Nudging us away from climate change: Using behavioural science to help reduce emissions

With Renee Jaine and Andrew Horwood

Think of climate change and you probably picture polar bears on melting ice caps, rising sea levels, and extreme weather events like drought and storms. But climate change is also a perfect storm when it comes to our human psychology. That means if we want meaningful action on climate change, we need to see it as a psychological and behavioural challenge, not just a technological or political one.

The psychology of climate change


Advocates for climate change action often think they just need to convince people it’s happening, and that this can be done by providing more facts and figures. But research out of Yale shows that people can understand the science but still not want to respond to climate change, if this could drive a wedge between them and their cultural group.

In behavioural science terms, this research demonstrates that climate change isn’t just a debate that calls for more facts and information to feed ‘System 2’ thinking – that is, slow, conscious and deliberate reasoning. It’s also a challenge in which our thinking is dominated by predictable mental biases and fast, automatic responses – ‘System 1’ thinking.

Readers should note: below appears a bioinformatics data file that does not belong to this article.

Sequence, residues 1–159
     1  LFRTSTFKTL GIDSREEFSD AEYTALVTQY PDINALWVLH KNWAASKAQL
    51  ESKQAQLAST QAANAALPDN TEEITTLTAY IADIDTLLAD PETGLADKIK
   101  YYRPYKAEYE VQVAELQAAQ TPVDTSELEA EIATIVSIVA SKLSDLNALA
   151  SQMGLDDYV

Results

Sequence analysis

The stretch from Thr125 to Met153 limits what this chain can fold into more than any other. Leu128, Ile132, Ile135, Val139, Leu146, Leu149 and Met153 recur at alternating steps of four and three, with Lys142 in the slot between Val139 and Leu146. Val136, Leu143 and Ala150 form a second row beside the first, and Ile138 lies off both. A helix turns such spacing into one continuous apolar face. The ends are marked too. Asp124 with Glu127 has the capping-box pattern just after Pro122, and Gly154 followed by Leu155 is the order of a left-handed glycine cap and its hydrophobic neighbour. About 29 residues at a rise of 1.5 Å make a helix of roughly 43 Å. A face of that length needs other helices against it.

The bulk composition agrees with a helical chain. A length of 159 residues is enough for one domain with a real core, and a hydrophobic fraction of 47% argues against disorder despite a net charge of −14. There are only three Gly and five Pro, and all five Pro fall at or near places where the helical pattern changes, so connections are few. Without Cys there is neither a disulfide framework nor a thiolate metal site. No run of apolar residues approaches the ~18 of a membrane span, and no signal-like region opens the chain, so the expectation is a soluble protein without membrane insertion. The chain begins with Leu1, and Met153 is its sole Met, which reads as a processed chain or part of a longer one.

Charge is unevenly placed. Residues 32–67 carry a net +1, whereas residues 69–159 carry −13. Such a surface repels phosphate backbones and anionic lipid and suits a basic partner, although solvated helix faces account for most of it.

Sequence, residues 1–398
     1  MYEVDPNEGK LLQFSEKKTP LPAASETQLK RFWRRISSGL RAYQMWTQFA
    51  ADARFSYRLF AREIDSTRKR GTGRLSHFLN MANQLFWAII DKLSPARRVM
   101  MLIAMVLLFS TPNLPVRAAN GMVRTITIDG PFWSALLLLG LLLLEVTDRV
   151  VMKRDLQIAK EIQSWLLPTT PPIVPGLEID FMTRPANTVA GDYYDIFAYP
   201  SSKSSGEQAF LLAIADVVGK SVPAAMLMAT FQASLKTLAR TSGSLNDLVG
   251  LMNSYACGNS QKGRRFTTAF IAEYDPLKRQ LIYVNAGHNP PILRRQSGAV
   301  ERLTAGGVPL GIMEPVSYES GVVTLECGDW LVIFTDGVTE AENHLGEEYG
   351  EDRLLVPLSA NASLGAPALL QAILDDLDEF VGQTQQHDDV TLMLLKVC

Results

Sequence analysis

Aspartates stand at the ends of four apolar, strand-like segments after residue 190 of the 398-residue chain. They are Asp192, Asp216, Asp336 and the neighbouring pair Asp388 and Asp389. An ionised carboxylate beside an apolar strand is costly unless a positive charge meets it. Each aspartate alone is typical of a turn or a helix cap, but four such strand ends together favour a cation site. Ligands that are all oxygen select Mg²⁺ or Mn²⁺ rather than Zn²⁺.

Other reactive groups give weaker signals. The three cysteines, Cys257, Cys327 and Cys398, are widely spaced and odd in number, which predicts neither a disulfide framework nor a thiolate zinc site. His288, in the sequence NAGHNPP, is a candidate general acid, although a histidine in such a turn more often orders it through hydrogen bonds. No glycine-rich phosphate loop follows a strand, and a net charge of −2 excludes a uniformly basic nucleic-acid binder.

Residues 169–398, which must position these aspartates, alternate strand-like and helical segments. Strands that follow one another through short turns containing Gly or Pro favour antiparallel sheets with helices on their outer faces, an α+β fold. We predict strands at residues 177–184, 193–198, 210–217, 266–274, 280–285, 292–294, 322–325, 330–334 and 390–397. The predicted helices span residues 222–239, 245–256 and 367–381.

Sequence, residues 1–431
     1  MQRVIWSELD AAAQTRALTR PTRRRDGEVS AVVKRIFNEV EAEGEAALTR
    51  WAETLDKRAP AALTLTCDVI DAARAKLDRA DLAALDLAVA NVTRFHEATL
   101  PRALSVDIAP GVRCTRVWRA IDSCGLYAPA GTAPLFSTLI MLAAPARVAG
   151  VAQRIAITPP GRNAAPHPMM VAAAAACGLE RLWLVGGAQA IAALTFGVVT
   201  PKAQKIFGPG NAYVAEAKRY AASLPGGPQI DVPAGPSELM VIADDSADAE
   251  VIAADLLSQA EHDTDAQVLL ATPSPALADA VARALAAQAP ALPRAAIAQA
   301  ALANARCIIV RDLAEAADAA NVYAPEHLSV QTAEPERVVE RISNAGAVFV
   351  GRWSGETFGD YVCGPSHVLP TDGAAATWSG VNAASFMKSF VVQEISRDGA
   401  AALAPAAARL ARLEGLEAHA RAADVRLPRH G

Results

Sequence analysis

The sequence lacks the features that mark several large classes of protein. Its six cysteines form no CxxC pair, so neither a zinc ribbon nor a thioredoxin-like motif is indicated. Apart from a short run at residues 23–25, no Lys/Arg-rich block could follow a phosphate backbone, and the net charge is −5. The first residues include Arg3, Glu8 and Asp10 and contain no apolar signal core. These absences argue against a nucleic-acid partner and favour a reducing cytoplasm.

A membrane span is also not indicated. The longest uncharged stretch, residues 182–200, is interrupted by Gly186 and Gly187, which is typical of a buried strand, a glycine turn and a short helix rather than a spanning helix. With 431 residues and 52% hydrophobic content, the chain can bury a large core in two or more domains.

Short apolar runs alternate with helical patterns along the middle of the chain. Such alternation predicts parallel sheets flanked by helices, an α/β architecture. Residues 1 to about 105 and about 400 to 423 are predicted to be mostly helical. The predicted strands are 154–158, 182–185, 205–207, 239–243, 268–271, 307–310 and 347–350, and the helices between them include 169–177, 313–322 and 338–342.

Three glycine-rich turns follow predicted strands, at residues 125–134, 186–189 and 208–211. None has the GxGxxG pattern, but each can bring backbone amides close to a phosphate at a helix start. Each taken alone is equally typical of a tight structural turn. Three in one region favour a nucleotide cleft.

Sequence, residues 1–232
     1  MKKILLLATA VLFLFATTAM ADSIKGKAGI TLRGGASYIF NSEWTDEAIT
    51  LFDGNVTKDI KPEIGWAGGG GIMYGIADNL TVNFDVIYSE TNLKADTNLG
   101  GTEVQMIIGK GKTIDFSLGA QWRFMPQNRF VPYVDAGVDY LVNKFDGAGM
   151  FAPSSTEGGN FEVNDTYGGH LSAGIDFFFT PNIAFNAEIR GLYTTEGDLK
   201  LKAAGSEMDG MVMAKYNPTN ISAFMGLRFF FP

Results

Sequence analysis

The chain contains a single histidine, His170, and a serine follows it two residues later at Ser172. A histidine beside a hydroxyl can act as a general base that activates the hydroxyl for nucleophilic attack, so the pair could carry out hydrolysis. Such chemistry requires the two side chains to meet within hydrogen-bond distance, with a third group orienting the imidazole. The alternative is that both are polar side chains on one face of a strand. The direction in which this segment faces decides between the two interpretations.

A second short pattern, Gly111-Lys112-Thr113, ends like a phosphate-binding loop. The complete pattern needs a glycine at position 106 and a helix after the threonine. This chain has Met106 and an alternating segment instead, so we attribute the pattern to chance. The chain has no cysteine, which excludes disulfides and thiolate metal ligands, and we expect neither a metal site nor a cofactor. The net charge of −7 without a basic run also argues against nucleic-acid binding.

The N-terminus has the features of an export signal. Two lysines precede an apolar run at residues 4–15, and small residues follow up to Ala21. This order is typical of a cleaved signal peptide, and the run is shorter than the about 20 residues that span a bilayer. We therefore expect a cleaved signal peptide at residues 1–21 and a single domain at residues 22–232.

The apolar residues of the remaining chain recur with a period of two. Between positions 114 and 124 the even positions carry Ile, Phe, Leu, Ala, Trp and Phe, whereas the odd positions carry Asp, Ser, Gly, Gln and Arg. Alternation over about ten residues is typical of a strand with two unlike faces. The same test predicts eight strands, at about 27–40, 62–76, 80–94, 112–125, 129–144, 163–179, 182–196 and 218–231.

Here are a few of the psychological challenges on the table:

  • It’s the kind of risk we aren’t used to worrying about. It’s gradual and creeping, rather than sudden – and it seems to be happening somewhere else, to other people.

  • The behaviours we want aren’t yet established as strong social norms. For example, we still look enviously at someone setting off on a round-the-world trip, rather than judging them for their carbon emissions.

  • We see any behavioural switch to do with climate change as a loss. For instance, we tend to focus on the lost convenience of car travel, rather than the benefit of lower emissions that come from catching the train.